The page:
FIG. 1 shows a typical system for transferring music information, usually MIDI files. A synthesizer 2 is connected via a serial port to a computer system 4. There is a corresponding remote system with a synthesizer 2′ connected to a computer system 4′. Each of the computer systems has Internet access often via a web browser that provides a graphical user interface (GUI). The computer systems have some kind of file transfer application 6 and 6′, e.g. hypertext transfer protocol (HTTP). A musician at each of the two sites (remote from each other) may play and the synthesizers create MIDI data streams. The streams are input to the local computer systems which will store the MIDI data in various formats, which are not standardized, that can be transferred later over the Internet. Each musician can transfer the MIDI file to the other for subsequent playing. However the receiving musicians usually can play the music only after the received formats have been deciphered and/or modified for playing on the local synthesizer. The individuals must combine the locally stored files with the altered received files which are then combined for playing. Timing must be addressed in order in the above example, but the above scenario is not an interactive process conducive to real time interactive music collaboration. That is the musicians cannot play together as if in the same room.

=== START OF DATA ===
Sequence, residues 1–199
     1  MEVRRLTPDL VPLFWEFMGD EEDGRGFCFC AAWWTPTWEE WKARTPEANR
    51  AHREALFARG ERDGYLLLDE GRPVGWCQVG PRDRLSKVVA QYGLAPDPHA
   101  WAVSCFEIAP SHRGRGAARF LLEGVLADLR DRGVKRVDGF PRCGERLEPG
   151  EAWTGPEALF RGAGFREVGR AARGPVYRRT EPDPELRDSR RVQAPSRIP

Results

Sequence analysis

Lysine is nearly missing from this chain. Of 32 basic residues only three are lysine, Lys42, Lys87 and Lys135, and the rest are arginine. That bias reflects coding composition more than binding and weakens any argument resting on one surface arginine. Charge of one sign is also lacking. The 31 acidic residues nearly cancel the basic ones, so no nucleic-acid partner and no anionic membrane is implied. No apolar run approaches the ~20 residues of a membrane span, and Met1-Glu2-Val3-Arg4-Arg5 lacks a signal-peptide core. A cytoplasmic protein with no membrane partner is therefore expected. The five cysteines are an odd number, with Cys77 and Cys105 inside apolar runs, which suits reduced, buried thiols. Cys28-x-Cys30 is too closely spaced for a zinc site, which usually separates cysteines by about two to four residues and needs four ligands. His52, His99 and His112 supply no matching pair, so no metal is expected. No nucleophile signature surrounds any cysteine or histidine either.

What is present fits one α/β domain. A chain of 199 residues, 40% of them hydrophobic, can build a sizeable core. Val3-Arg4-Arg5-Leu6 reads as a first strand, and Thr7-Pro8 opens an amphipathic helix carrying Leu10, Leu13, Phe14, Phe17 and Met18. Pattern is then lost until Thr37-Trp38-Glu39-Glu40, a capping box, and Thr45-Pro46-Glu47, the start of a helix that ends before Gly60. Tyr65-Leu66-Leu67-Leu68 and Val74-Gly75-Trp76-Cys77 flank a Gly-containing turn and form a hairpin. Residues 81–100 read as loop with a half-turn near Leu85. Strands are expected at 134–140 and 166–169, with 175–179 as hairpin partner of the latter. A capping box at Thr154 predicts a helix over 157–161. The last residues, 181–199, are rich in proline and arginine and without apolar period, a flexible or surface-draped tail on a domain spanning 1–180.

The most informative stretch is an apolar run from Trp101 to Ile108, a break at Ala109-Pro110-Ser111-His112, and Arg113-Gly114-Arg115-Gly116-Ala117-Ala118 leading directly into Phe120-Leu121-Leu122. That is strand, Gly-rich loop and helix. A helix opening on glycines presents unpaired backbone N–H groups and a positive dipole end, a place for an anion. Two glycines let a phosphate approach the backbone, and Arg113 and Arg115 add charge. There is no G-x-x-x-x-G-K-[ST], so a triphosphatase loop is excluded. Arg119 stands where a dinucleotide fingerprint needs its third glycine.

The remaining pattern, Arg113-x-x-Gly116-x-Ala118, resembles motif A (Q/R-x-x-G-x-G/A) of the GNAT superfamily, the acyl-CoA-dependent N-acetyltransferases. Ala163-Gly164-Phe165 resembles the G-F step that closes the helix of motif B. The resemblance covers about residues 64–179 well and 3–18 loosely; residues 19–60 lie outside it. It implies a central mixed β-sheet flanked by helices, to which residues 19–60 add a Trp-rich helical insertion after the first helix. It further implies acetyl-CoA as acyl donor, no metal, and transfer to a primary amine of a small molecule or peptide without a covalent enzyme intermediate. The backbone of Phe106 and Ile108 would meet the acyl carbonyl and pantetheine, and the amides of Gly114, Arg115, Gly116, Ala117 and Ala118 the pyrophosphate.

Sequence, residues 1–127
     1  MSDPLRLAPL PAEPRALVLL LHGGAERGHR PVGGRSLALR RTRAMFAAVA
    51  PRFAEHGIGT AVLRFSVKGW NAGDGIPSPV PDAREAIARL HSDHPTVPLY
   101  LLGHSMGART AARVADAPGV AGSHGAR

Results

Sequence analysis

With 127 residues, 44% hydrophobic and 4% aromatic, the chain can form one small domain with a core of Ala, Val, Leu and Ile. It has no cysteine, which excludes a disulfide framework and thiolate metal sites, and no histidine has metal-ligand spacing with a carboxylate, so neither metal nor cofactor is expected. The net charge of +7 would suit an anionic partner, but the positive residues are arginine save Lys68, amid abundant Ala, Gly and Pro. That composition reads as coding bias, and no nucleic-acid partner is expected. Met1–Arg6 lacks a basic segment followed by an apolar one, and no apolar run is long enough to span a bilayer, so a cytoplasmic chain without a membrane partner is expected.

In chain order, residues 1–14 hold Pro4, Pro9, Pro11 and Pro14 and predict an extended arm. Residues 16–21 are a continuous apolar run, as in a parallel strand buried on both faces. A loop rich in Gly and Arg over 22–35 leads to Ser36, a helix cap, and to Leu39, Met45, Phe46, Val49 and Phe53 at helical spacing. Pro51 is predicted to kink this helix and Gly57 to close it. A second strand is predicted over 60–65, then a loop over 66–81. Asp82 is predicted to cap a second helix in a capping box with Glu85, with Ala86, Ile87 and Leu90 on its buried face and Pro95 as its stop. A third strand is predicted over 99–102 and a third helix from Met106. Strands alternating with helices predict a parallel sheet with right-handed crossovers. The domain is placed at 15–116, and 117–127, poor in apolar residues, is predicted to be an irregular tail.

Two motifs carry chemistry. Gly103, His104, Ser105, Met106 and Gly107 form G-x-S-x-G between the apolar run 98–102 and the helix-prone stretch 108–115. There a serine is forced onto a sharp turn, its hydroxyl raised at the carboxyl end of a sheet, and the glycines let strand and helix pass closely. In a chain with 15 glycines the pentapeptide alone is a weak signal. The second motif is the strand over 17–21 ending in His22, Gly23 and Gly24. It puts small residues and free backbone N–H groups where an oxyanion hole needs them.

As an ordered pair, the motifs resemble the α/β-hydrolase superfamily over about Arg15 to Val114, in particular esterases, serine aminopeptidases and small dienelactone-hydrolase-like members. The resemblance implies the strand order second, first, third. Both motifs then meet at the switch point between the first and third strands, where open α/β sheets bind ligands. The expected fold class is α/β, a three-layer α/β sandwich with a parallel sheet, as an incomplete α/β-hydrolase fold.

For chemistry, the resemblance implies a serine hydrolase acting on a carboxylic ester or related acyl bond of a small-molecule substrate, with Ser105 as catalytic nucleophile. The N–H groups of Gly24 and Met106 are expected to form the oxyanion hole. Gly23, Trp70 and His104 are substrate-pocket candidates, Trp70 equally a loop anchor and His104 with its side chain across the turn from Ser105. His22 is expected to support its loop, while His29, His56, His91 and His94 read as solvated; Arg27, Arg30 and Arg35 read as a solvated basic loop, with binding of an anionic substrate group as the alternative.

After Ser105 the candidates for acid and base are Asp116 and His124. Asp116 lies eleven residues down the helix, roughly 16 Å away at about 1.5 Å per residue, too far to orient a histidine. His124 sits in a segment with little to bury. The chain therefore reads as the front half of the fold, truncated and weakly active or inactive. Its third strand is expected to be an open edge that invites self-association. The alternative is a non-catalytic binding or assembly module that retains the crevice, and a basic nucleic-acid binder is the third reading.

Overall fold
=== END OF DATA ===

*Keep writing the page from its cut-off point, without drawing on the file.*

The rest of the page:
It is an object of the present invention to provide a software tool embedded within a browser that allows sending, receiving, editing, and/or playing locally or remotely of multi-tracks of MIDI data.
It is yet another object of the present invention to provide means for real-time music collaboration over a communication network.
Another object of the present invention is to provide means for two or more remote musicians to play together as if they were playing physically at the same location.
It is another object of the present invention to provide means for musicians to access MIDI data files in remote locations for use in creating new MIDI data files.
It is yet another object of the present invention to provide means to transfer MIDI data packets embedded within transfer control protocol (TCP) packets.
It is still another object of the present invention to provide an embedded MIDI tool within a browser that handles all MIDI data transactions between the browser, the local and remote computer systems, and the local and remote synthesizers.
It is another object of the present invention to provide a single universal tool for handling MIDI data over communications networks.